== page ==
readdir - list file names


char **genfilnam(pattern)
char *pattern;

char **dirfiles(dir, pattern)
char *dir, *pattern;


These functions return a list of strings which match the pattern given by the null-terminated string pattern.  The list and each of its component strings are allocated with malloc(3) and are null-terminated.  Pattern may contain shell file name generation meta-characters (see sh(1)):

Matches any sequence of zero or more characters. 

Matches any single character. 

[ . . . ]
Matches any single character which is a member of this character class.  If the first character within the brackets is !, then this pattern matches any single character which is not a member of this character class.  The class is composed of the characters listed within the brackets.  Furthermore, if two characters are listed separated by -, the class includes all the characters lexically between the two, inclusively.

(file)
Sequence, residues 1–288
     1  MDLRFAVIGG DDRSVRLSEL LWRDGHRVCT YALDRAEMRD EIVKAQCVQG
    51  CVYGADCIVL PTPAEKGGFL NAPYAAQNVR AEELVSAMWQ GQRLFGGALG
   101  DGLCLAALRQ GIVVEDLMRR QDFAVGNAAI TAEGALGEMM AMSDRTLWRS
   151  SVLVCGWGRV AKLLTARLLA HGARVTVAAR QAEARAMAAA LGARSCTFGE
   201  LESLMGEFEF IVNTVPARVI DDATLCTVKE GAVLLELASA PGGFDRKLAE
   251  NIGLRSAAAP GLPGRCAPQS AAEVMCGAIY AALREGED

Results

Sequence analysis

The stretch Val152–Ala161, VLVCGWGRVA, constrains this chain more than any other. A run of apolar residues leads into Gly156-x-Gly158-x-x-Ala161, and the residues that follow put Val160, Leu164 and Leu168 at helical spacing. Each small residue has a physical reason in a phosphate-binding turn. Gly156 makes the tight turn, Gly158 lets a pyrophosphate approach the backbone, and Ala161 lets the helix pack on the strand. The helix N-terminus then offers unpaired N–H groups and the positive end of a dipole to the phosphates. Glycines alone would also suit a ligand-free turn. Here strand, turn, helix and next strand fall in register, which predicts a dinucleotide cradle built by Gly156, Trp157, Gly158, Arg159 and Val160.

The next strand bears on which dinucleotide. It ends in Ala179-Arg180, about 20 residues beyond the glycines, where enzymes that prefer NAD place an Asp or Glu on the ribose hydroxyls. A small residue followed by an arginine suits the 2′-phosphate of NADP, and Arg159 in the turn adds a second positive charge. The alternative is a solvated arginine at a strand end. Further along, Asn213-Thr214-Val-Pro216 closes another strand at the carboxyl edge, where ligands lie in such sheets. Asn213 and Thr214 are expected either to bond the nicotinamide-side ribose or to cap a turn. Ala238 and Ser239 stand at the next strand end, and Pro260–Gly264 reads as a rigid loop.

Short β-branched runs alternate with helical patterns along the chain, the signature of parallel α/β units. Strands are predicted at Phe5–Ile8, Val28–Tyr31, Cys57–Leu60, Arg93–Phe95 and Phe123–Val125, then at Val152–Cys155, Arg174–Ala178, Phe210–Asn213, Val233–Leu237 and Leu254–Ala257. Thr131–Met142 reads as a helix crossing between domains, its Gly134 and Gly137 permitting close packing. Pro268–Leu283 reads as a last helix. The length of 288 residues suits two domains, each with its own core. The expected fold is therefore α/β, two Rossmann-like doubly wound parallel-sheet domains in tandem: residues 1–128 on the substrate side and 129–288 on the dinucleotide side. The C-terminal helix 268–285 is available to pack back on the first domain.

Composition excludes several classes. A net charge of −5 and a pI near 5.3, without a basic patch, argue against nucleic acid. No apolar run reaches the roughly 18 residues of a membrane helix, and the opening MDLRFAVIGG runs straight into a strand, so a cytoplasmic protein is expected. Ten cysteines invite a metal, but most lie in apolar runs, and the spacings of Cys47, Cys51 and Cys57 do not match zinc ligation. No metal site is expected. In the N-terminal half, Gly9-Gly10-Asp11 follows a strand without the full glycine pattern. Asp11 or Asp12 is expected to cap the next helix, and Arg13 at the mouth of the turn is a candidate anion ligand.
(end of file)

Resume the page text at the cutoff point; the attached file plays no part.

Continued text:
A / may not be matched with a meta-character; nor may a dot at the beginning of the pattern or a dot immediately following a /

Genfilnam searches directories for file names which match patternPattern is interpreted as a full file name specification which may contain /ís.  If pattern does not contain meta-characters or if it does but no match is found, pattern is returned as the only element of the list. 

Dirfiles searches a single directory, dir, for files which match patternPattern is interpreted as a specification for files within this directory only.  /ís are interpreted as ordinary characters. 

These functions support files(misc). 


sh(1), malloc(3) in the UNIX Programmerís Manual


Dirfiles returns zero if no match is found. 


Although the author believes these functions represent a faithful implementation of the behavior of the shell meta-characters, there is hardly a consensus amongst systems tested regarding the manner in which the more bizarre patterns are interpreted.  Indeed, we have seen sh(1) dump core attempting to interpret some patterns. 


If genfilnum is given a pattern such as /*/*/*/*/* on a large file system, it will likely go away for a long time and finally run out of memory. 

from The Basmark QuickBASIC Programmerís Manual by Lawrence Leinweber